Maple LeavesArtist(s)Nishiyama Kan'eiObject Creation Date2nd half of 19th centuryMedium & Supportink and color on paperDimensions
15 3/4 in x 14 9/16 in (40 cm x 37 cm)Credit LineMuseum purchase made possible by the Margaret Watson Parker Art Collection FundSubject matter
Nishiyama Kan'ai is "a skillful painter of landscapes and kachōga."
Roberts, Laurance Page, and John M. Rosenfield. A Dictionary of Japanese Artists: Painting, Sculpture, Ceramics, Prints, Lacquer.
"Japanese art has a rich tradition in the depiction of flora and fauna. Until the 17th
century powerful and myth-like creatures such as dragons, phoenixes, lion dogs, birds of prey and tigers were portrayed as aggressive. This changed however when the influence of the samurai subsided and urban culture began to develop. Rich merchants sought refinement and a sympathetic style and in the artistic rendition of nature docile animals in subtle well-balanced compositions emerged. Flowers and birds became popular subjects, not only for their esthetic beauty but for their symbolic significance as well.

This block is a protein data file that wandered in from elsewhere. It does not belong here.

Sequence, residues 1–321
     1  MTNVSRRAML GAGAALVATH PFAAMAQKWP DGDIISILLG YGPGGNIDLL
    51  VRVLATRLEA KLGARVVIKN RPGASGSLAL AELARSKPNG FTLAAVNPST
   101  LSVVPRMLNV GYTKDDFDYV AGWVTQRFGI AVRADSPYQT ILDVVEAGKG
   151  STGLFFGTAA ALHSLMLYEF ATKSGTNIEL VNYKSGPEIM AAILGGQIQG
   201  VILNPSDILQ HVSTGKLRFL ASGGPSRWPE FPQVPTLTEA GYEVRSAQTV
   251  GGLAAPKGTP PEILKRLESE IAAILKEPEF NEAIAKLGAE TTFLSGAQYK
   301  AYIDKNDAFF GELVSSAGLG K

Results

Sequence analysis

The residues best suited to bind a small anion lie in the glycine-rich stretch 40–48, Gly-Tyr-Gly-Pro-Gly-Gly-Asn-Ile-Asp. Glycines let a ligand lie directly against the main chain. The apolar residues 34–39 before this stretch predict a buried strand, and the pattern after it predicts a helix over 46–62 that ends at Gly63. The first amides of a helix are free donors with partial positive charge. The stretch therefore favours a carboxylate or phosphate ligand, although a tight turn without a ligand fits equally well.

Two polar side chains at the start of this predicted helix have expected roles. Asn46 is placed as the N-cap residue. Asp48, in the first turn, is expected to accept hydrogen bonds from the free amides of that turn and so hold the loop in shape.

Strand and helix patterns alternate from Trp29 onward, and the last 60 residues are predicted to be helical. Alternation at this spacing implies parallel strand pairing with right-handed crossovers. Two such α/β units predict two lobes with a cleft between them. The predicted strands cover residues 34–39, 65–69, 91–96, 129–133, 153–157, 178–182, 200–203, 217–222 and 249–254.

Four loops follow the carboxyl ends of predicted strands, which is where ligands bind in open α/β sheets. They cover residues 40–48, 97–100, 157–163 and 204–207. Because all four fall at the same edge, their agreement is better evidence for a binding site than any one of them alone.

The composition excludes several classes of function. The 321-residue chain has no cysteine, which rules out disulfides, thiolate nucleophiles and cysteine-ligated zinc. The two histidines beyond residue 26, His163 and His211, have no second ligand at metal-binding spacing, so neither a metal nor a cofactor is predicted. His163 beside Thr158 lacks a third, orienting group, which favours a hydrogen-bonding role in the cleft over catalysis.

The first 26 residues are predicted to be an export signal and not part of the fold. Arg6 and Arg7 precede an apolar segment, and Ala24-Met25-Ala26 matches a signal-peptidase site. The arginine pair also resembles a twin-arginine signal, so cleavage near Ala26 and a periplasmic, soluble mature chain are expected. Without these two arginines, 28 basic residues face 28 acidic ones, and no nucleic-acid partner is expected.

The literal meaning of the Japanese word kachō-ga
is ‘images of flowers and birds’. Richly coloured flowers and birds are the focal point of this exhibition that illustrates the origin and development of this decorative genre. Colourful plants and animals embellish the screens, scrolls, albums, illustrated books, fan-shaped prints and graphs dating back to the 18th
“Kachō-Ga. The Poetry of Japanese Nature.” Sieboldhuis
, 13 Feb. 2019, www.sieboldhuis.org/en/exhibitions/kachōga-de-poëzie-van-de-japanse-natuur.Physical Description
There is a single branch that rises from the bottom of the painting and that ends at the top of the painting. There are smaller twigs that jut out from the main branch and that each have vibrant red-orange maple leaves growing from them. There are signatures and seals in the bottom left corner of the painting.Primary Object ClassificationPaintingCollection AreaAsianRights
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branches (plant components)
leaf (plant material)